Interstellar visitors have arrived.
Two years ago, an Hawaii Automated Telescope discovered "Oumaamawa, the first known object in interstellar space to be observed passing through our solar system. Then, in August, an amateur astronomer in the Crimea found a second interstellar visitor, 2I / Borisov, suggesting that such sites regularly come our way.
Scientists are now eagerly developing plans to investigate these envoys from afar and learn their secrets.
"Imagine something that has traveled hundreds of thousands or even millions of years out of space, now reaching us," says Andreas Hein, an aerospace engineer at the Interstellar Research Initiative in Charfield, England. "What will it tell us about its origin? What is the composition of the planets orbiting this alien sun? Life spreads between the stars?
For the time being, responses have been slowly piling up from observatories on Earth and in orbit around Earth, including an intriguing new image of Borisov made by the Hubble Telescope. But in 2028, a European spacecraft called the Comet Interceptor may be on its way to a brief encounter with another, as yet undiscovered, interstellar object.
Hein and his colleagues are considering an even larger project. They have made plans for Project Lyra, a space probe that can travel fast enough to overtake 'Oumuamua or Borisov (or other interstellar object) as it accelerates its path from the solar system, reaching or mid-2040. .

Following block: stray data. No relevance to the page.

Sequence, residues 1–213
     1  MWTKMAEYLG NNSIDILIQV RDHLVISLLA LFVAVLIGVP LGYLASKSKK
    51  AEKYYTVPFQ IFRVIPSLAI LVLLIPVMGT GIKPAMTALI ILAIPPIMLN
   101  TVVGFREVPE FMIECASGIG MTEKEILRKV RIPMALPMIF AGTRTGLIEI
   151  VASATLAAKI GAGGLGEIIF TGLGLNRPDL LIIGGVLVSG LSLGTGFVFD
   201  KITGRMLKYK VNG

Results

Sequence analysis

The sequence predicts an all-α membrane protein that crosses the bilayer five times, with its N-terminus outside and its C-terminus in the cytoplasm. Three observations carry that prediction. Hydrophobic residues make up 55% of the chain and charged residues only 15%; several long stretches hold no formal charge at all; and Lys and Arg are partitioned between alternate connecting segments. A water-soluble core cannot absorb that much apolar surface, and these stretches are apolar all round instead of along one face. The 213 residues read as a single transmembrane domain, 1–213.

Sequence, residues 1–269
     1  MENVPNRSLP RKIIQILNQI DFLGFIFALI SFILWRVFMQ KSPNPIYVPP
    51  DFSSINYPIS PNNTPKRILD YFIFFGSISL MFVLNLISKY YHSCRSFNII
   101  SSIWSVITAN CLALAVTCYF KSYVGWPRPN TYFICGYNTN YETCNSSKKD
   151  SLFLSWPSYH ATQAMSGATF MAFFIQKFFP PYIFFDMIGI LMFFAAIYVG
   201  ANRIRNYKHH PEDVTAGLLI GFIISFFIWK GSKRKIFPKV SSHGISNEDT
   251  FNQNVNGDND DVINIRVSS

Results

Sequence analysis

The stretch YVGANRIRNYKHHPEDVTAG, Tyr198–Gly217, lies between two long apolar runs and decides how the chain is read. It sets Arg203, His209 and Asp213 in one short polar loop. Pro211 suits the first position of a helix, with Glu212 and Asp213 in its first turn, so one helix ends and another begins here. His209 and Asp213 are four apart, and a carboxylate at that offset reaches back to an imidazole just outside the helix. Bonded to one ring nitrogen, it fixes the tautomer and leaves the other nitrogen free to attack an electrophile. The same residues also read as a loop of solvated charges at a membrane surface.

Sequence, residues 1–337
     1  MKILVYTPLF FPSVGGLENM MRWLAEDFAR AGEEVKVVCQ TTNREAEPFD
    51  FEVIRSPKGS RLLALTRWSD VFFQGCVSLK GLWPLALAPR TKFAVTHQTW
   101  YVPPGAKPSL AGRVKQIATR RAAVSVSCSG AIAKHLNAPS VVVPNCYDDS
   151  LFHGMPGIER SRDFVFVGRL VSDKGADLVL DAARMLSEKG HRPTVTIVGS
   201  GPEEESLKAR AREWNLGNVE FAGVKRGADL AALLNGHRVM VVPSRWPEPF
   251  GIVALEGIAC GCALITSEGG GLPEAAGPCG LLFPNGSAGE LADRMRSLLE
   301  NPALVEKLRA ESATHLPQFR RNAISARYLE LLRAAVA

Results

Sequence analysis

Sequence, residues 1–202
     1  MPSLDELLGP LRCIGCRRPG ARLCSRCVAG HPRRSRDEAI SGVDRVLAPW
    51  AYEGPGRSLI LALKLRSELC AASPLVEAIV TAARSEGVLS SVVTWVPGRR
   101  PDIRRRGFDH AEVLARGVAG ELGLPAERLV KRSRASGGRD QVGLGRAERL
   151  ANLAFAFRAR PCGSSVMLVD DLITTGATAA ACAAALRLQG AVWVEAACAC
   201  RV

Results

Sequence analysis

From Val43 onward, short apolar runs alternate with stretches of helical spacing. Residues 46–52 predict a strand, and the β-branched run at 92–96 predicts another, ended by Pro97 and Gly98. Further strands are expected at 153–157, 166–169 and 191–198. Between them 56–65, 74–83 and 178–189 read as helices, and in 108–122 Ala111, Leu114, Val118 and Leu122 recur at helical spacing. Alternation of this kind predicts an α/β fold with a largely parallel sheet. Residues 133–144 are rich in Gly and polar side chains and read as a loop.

For Heine, the launch of Project Lyra would be similar to the construction of humanity's first star ship – and make it cheap. "We won't be able to reach another star system for at least the next few decades, but to be able to study a large chunk of material from another star is a bit like flying to another star," he says. "This is a literal version of 'If you can't go to the mountain, let the mountain come to you.'"
Star Trek Visitors
The mysteries surrounding Oomuamua uh moo-uh) further intensified the desire to approaching one of these interstellar visitors.
Researchers suggested that the majority of interstellar objects would be comets, but "Oumuamua certainly did not look like one. It was strangely elongated, like a half-mile-long cigar spinning. It also showed no comet-like tail and accelerated slightly as it moved away from the sun. These oddities prompted the Harvard astronomer Avi Loeb to float the contradictory notion that "Oumaamua cannot be a comet at all, but an alien spacecraft.
By contrast, Borisov looks very much like a comet in our own solar system. "It seems to be of a completely different nature from Oumuamua," says Loeb. "But when you walk down the street and notice a strange person, the fact that you later meet a lot of normal people does not take away the strangeness of that first unusual person."
Alas, the Space Agency's comet interceptor will be unable to reach either one of these sites. In fact, it is not designed to search after an interstellar object at all. The original plan was that after its launch in 2028, a 1-ton spacecraft would orbit around the sun, waiting for the comet to arrive from the outskirts of our own solar system. Then she will ignite her engines, making an appointment and having smaller probes that could come within a few hundred miles of her target.